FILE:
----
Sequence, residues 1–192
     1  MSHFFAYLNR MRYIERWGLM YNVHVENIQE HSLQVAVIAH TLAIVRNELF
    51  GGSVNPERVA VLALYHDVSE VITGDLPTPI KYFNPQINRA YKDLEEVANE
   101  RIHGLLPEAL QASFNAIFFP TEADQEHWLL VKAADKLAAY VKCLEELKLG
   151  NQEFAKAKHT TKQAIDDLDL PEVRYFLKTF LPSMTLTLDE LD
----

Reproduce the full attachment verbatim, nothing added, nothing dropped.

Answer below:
Sequence, residues 1–192
     1  MSHFFAYLNR MRYIERWGLM YNVHVENIQE HSLQVAVIAH TLAIVRNELF
    51  GGSVNPERVA VLALYHDVSE VITGDLPTPI KYFNPQINRA YKDLEEVANE
   101  RIHGLLPEAL QASFNAIFFP TEADQEHWLL VKAADKLAAY VKCLEELKLG
   151  NQEFAKAKHT TKQAIDDLDL PEVRYFLKTF LPSMTLTLDE LD